As the competition for delivery service dominance heats up, a Macy’s official confirmed the retailer is set to expand its own same-day delivery offerings to additional U.S. markets this summer, Reuters reported yesterday (July 22).
The nation’s largest department store chain, which currently offers same-day delivery in eight markets, is planning an aggressive expansion with the help of delivery startup Deliv, which leverages a fleet of crowdsourced drivers to pick up and deliver online orders from retailers, the Macy’s official told Reuters.
According to the official, Macy’s plans to offer its same-day delivery service in more markets has the potential to put the company ahead of Amazon – which now reaches 14 markets. Currently, Macy’s same-day service is available in Houston, San Francisco, San Jose, Seattle, Chicago, Los Angeles, New Jersey and Washington, D.C.
The announcement comes on the heels of a recent prediction from analysts at financial services firm Cowen that Amazon will become the No. 1 U.S. apparel retailer by 2017, “comfortably passing” Macy’s for the top spot.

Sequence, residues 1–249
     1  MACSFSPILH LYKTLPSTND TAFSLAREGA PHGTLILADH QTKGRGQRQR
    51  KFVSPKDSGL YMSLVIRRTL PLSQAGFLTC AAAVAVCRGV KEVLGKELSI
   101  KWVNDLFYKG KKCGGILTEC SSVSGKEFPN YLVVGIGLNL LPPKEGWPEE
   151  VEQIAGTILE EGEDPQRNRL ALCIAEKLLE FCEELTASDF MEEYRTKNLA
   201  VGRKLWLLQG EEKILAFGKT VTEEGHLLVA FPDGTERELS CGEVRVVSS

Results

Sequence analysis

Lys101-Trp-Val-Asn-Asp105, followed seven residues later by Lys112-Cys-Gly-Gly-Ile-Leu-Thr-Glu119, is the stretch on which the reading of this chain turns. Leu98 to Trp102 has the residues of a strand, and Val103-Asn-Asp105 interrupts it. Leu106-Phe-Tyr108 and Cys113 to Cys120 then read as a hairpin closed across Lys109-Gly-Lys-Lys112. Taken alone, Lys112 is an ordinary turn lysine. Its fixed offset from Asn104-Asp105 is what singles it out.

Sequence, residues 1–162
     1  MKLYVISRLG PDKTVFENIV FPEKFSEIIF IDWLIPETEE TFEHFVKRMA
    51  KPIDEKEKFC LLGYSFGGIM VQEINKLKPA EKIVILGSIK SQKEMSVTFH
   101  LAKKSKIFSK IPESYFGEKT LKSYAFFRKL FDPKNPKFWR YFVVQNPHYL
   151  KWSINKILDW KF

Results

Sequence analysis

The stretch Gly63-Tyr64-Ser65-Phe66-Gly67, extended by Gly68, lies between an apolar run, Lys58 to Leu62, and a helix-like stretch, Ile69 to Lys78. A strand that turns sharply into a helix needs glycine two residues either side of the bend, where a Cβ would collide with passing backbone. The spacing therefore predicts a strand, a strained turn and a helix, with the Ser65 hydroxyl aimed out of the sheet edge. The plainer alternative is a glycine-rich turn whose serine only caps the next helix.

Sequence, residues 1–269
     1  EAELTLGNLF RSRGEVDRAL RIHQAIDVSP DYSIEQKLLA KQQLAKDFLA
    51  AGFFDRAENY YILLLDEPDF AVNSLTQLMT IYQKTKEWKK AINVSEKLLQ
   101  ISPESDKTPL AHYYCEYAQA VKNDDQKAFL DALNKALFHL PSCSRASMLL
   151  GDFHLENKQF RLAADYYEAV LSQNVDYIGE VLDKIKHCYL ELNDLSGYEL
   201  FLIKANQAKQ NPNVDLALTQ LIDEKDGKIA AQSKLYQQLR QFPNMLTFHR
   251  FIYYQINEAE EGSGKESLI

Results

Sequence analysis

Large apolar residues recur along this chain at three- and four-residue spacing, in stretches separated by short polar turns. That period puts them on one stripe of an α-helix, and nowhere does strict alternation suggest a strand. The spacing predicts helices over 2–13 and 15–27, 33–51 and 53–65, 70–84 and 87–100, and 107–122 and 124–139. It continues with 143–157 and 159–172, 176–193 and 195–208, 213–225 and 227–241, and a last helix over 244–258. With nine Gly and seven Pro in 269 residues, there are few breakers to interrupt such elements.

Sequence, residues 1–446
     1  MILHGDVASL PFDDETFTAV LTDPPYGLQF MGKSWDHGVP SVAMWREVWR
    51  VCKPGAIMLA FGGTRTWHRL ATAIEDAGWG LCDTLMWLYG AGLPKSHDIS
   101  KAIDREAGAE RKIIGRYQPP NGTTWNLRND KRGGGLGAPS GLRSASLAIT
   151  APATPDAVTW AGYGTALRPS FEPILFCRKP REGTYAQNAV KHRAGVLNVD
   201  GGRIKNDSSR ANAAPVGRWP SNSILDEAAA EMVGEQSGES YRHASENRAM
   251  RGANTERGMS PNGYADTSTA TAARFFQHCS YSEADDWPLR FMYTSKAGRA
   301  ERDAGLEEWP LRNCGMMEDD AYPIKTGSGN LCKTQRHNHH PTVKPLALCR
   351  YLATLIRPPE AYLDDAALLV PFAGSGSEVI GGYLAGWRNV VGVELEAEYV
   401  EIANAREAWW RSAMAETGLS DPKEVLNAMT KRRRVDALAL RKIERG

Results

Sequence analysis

The team of Cowen analysts, led by John Blackledge, said it estimated Amazon’s U.S. retail apparel gross merchandise value will rise from $16 billion in 2015 to $52 billion in 2020, with the company’s U.S. market share increasing to 14 percent, up from 5 percent.
But when it comes to same-day delivery, Macy’s may just have a leg up on the competition.
As of May 2, the retailer operates 886 stores throughout the U.S. from which it could potentially deliver products, resulting in packages having a much shorter distance to travel as compared to the 50 fulfillment centers and distribution facilities Amazon utilizes, Reuters explained.
“If you need something today and you are in a market that doesn’t have same-day delivery yet, the online pick-up and store helps with that or even next day. And by having inventory closer to the customer, that’s a huge competitive advantage for us in terms of satisfying what the customers are looking for. So I see that’s going to continue to be important and more obviously focused on that,” Macy’s CFO Karen Hoguet said earlier this year during the company’s fourth-quarter earnings call with analysts.
While Amazon has confirmed more than a million products are available for customers through its same-day delivery service, Prime Now, brick-and-mortar retailers could still have a fighting chance against the eCommerce giant.
“It’s very hard to compete with Amazon, but traditional retailers have an advantage in that they already have all of their inventory in place five miles from 90 percent of their purchasing population at their stores,” Deliv CEO Daphne Carmeli told Reuters.
“This is one of those opportunities to out-Amazon Amazon,” she said.